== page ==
Traditionally neutral Switzerland adopts sanctions against Russia

Traditionally neutral Switzerland adopts sanctions against Russia

Traditionally neutral Switzerland has taken action against Russia, with its leader saying it is a “big step” for the European country.

Traditionally neutral Switzerland adopts sanctions against Russia

Switzerland will adopt all the sanctions already imposed by the EU on Russia over its invasion of Ukraine.

Traditionally neutral Switzerland will adopt all the sanctions already imposed by the EU on Russia over its invasion of Ukraine, including against President Vladimir Putin.

“This is a big step for Switzerland,” Swiss President Ignazio Cassis told a press conference, after the Alpine nation had for days hesitated over whether to join the international move to sanction Moscow over the attack on its neighbour.

As the European Union last week slapped Russia with biting sanctions after Moscow launched its full-scale invasion of Ukraine, Bern only said it would ensure that those penalties could not be circumvented via Switzerland.

But following a government meeting Monday, Switzerland announced it was now fully on-board with the sanctions.

“Switzerland will implement the sanctions in co-ordination with the EU,” the government said in a statement, adding that these were “primarily goods and financial sanctions”.

But they also included the freezing of the assets of persons and companies. In particular, the government said Switzerland would with “immediate effect” impose the sanctions already imposed by the EU on Putin, Prime Minister Mikhail Mishustin and Foreign Minister Sergei Lavrov.

Swiss President Ignazio Cassis says the decision is a ‘big step’ for the country.

“In so doing, Switzerland is responding to the serious violations of international law for which these individuals are responsible,” it said.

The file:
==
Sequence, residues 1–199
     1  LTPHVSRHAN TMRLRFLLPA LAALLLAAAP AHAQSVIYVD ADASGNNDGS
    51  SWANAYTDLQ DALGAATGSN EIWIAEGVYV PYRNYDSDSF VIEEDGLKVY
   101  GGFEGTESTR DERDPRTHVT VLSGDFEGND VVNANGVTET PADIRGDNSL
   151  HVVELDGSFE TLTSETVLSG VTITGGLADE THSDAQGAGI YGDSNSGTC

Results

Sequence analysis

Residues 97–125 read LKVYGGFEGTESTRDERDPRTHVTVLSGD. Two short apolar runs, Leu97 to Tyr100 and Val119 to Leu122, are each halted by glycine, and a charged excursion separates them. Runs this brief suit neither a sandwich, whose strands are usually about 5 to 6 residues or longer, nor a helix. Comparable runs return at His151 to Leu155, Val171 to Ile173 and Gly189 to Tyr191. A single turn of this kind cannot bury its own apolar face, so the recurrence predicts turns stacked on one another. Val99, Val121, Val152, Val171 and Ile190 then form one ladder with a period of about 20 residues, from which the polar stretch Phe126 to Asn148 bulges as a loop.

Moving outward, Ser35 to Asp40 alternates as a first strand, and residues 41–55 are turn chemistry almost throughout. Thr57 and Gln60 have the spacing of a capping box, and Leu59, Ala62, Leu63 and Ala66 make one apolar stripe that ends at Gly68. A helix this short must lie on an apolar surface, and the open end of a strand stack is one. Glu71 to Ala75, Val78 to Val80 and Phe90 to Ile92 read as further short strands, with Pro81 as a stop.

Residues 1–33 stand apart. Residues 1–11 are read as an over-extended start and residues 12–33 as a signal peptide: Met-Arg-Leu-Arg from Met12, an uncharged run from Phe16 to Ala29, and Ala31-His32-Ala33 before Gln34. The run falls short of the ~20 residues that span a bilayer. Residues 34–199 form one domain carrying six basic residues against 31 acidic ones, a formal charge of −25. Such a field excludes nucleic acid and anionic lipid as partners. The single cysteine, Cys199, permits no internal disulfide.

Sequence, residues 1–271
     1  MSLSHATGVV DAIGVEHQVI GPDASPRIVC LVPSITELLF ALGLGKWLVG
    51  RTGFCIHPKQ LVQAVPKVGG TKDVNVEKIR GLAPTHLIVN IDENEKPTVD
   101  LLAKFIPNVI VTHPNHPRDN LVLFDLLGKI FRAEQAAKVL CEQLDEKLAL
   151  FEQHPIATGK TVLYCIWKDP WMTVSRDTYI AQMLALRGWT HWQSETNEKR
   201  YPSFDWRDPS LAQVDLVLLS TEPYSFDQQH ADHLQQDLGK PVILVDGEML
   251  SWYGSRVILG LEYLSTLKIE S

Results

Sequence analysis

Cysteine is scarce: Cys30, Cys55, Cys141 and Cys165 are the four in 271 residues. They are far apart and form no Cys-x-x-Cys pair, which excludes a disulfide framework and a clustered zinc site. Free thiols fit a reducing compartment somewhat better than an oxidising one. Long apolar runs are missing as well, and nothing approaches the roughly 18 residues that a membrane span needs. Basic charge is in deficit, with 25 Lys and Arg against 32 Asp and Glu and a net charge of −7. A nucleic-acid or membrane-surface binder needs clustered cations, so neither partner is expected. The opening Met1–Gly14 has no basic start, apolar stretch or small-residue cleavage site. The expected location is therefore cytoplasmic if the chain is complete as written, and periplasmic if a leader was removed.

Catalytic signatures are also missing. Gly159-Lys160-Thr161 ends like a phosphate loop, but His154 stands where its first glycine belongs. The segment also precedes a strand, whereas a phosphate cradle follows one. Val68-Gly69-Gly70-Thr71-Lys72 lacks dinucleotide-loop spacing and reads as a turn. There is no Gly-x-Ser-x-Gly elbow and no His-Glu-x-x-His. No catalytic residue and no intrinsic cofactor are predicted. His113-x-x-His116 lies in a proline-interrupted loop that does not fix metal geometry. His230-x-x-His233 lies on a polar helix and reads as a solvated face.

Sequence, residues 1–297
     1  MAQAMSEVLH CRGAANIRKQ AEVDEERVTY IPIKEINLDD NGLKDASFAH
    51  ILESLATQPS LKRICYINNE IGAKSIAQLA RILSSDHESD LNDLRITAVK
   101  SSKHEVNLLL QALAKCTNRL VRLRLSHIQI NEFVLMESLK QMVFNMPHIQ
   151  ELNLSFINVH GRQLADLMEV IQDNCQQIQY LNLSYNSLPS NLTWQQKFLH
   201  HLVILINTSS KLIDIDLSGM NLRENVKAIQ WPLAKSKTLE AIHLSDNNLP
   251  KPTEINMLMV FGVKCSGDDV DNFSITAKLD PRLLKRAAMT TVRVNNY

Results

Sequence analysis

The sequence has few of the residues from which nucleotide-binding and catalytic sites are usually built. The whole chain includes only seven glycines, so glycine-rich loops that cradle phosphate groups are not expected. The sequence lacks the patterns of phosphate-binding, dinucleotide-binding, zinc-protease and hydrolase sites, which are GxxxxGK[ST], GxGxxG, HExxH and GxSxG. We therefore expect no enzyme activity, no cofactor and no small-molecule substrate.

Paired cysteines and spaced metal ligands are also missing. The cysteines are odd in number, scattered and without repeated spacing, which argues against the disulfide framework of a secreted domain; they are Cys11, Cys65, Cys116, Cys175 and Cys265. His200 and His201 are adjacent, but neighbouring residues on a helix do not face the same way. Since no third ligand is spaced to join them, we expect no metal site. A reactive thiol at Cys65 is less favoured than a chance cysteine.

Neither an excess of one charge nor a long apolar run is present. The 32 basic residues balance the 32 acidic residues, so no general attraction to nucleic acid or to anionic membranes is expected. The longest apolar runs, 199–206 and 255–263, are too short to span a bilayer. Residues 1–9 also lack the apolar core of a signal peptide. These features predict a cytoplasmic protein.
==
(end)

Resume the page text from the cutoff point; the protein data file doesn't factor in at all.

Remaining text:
The announcement came as Russia’s mission in Geneva said that Lavrov had been forced to cancel his trip to the Geneva-based United Nations Human Rights Council due to the “anti-Russian sanctions” imposed by EU countries.

The Swiss government said Monday that it would also close Swiss airspace to all flights from Russia and to all movements of aircraft with Russian markings, except for flights for humanitarian, medical or diplomatic purposes.

Swiss Justice Minister Karin Keller-Sutter meanwhile told reporters that five oligarchs close to the Russian president and who had strong ties to Switzerland had been banned from entering the country.

And Bern said it had decided to partially suspend a 2009 agreement on visa facilitation for Russian nationals, although holders of diplomatic passports would still be permitted to enter Switzerland without a visa.

Switzerland had come under increasing pressure to get in line with the EU and US sanctions against Russia, with nearly all political parties backing the move.

EU foreign policy chief Josep Borrell hailed Monday’s decision, saying it was “very good news” that Switzerland would “fight against corruption and the dark money… of the oligarchs who support Putin and who are being targeted by sanctions.” “Without the participation of Switzerland, our measures would have been not as effective as needed,” he told reporters.

Russia may only rank 23rd on Switzerland’s list of trading partners, but the Alpine country’s banks are often favoured by Russia’s ultra-rich.

According to statistics from the Bank for International Settlements, Swiss banks had in the third quarter last year some $23 billion in Russian holdings, mostly from deposits.

The majority of Russia’s oil business passes through Switzerland, while its cereals and metals are also traded in Geneva.

Switzerland’s economic affairs minister, Guy Parmelin, acknowledged that Switzerland would face consequences of the sanctions, and of the Ukraine conflict itself.

He said the Nord Stream 2 company had been forced to lay off the entire workforce at its Swiss headquarters after Germany last week suspended its approval of its pipeline built to bring Russian gas to Europe.

“That is more than 140 people who have been fired,” he told the RTS public broadcaster.

The company did not immediately respond when asked to confirm the lay-off. Before shifting its approach, Bern said it had carefully considered “Switzerland’s neutrality and peace policy considerations”, but that “Russia’s unprecedented military attack on a sovereign European country was the deciding factor”.

Bern stressed though that it remained willing to “actively contribute to a solution to the conflict through its good offices”.


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